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12 Tactics To Gather More Email Sign Ups
Email marketing has a bad rep I have to admit, too many inboxes are littered with emails that are either spam, poor content and taking the spray and pray approach and the unsubscribe rates are there to prove it. This makes gathering emails a tough job, visitors are reluctant to give out their contact details in fear of getting bombarded by content that does not appeal to them.
While it is a problem, it certainly isn't the end for email marketing, actually, it just makes the value of acquiring quality email leads that much more valuable. In other words, the more email subscribers you have, the more likely it is that you’re pointed in a successful direction.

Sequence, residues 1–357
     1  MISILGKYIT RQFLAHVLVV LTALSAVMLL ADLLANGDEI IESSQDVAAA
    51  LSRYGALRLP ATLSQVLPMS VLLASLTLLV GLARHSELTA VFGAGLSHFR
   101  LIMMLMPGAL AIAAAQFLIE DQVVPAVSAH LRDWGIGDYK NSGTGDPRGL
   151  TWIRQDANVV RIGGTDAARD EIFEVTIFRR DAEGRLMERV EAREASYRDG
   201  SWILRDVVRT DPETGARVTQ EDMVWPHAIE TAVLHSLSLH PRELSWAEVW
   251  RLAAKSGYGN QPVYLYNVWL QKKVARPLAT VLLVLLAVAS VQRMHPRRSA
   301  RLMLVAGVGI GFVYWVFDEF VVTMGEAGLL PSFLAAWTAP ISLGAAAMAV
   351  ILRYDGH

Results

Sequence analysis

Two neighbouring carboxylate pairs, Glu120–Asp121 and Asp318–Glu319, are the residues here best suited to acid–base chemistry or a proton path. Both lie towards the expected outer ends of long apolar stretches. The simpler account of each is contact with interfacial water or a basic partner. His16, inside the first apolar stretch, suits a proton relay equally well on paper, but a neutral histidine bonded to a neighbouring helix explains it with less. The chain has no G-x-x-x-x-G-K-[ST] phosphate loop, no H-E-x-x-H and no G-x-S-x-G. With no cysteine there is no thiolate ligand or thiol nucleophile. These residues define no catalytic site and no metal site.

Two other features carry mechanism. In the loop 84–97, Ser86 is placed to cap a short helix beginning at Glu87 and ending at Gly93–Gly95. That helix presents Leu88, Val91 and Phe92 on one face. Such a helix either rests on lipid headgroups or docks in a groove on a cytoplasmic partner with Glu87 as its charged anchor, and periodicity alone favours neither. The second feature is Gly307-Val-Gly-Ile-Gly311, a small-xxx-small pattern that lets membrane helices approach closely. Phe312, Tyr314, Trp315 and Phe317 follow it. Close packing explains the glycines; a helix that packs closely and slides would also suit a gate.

If you haven't started using email marketing for your businesses we suggest you check out our article on email tools for small businesses. Check out 5 Free Email Suite Options
1. Footer email sign up
Businesses and UX teams spend a lot of time and money designing the perfect page for each goal they have in mind and many times email sign-ups are not one of those goals. So the only space you're left with is the footer, which is by no means is a bad thing. Setting up an email sign up form in your footer gives every page on your site the potential to become a lead generator and as your site grows in pages, so does the number of lead generation opportunities.
2. Additional email sign up fields